• Twitter
  • Facebook
News-Sentinel.com Your Town. Your Voice.
Opening Arguments

Anything goes

Those who predicted that changing the definition of marriage would open the floodgates to just about anything the human mind could imagine were dismissed as reactionary, alarmist troglodytes. The back and forth has only intestified since the greater Indiana RFRA freakout, and progressives feel a lot safer intesifying the vilification of the conservatives' warnings.

But consider, as this woman does, some of the things already on the table. An organization representing prostitues in California is in court arguing that the right of consenting adults to have whatever sex they want in private (already established by the Supreme Court) also gives them to right to pay for or be paid for sex. In August, a federal court in Utah struck down that state's polygamy ban. A lesbian "throuple" (three persons) is openly defing that state's anti-polygamy law.

In Lawrence v. Kansas (recognizing the right of consenting adults to engage in private, homosexual sodomy), Justice Scalia's dissenting opinion predicted all kinds of challenges to traditional marriage, inccluding polygamy, prostitution, even incest. Think about it: Using the same logic and reasoning justifying same-sex marriage, can anything that people want to do be denied?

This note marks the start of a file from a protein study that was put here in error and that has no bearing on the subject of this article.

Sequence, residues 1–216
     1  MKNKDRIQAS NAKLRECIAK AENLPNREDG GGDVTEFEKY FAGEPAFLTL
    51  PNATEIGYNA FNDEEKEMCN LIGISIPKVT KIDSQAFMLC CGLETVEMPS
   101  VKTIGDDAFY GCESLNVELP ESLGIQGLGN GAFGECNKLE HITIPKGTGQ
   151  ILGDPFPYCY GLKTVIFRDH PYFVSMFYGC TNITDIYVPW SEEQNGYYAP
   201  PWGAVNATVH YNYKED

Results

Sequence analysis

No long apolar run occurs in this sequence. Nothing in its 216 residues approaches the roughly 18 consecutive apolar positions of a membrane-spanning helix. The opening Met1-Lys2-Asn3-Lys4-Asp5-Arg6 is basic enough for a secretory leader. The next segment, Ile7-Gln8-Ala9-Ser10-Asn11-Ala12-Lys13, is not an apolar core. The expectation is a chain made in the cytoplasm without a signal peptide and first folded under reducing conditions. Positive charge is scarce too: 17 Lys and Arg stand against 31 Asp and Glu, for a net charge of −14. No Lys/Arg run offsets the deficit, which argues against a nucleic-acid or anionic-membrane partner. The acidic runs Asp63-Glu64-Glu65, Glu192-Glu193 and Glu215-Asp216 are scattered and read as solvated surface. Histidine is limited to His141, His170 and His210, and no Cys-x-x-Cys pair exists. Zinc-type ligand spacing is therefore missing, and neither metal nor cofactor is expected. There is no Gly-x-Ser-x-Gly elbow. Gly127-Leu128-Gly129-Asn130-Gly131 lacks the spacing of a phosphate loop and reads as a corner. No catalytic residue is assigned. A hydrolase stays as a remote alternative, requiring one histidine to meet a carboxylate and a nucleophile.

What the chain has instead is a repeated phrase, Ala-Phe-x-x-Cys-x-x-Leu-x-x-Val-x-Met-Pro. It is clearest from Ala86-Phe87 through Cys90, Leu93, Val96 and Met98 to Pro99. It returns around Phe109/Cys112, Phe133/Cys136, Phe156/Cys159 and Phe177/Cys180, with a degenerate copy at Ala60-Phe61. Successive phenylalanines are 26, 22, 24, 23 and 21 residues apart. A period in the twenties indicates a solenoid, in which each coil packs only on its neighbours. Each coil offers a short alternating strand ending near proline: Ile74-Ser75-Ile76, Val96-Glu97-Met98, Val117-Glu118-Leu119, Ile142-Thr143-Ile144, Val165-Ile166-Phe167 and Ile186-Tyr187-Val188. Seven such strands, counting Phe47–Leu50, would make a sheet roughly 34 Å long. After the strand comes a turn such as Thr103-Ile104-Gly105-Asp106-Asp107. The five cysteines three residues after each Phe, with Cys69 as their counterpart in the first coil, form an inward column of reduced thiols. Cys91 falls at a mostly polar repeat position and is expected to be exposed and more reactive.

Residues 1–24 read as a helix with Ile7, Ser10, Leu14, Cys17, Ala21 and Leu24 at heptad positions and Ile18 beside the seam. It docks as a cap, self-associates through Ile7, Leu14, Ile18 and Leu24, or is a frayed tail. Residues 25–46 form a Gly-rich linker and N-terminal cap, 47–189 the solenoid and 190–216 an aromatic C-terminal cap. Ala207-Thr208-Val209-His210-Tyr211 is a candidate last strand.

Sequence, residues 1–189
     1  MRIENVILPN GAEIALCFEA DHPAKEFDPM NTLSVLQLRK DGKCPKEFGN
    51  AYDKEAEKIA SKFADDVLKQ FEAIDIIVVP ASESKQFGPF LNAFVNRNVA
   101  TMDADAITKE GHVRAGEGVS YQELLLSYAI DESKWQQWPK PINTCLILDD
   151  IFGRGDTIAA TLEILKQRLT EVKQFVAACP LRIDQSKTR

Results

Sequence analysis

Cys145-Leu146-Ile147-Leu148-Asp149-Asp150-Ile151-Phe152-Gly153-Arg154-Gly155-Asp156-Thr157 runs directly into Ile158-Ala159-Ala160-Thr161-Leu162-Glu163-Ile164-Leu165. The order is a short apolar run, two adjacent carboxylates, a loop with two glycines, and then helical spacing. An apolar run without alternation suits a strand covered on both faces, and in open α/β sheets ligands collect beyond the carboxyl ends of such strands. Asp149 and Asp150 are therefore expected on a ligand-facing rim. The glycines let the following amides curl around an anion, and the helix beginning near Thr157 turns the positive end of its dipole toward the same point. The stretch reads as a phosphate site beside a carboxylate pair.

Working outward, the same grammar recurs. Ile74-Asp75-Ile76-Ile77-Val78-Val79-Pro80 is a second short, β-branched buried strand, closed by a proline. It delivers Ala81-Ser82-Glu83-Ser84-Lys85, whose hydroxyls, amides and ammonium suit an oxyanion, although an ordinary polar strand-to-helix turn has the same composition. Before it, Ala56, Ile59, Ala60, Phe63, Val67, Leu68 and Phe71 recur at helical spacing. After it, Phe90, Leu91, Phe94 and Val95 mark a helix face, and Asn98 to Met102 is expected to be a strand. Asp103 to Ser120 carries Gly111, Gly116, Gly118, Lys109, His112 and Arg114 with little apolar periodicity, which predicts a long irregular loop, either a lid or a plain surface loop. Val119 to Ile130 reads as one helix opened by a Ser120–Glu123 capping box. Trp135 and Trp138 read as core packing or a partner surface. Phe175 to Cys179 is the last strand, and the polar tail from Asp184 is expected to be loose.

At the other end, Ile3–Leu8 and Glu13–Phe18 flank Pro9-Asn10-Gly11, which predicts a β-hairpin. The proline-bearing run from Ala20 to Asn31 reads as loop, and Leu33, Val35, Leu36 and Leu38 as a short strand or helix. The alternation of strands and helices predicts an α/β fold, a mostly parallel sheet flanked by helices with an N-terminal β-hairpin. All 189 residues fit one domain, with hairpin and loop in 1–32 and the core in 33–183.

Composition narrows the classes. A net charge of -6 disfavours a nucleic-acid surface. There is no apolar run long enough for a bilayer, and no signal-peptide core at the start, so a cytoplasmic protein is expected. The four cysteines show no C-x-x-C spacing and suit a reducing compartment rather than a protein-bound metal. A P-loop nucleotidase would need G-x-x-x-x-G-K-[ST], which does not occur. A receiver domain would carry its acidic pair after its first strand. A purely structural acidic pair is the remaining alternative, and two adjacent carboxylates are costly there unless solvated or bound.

I'm not saying this is good or bad, merely that it is reality. You might be surprised at how latitudinarian I can be. We are rushing headlong into something we don't begin to understand. If everything's a right, then nothing's wrong, and, brother, that will be dangerous:

Should the courts be “constitutionalizing” these sexual activities, or allow the political process to play out?  One state, Nevada, has statutorily allowed prostitution in certain places, pursuant to state regulation.

Being a libertarian, I see the policy arguments for enacting statutes like Nevada’s.  But being a constitutionalist, I think there are some democratic dangers to giving unelected federal judges the power to constitutionalize every “liberty” claim, which cuts short the political debate inherent with legislative change.  And the mother in me (which is inherently conservative) –with a teenage daughter– gets a little worried when I think of a world in which prostitution and polygamy are legal.  The times, they are a-changin.’

Indeed they are.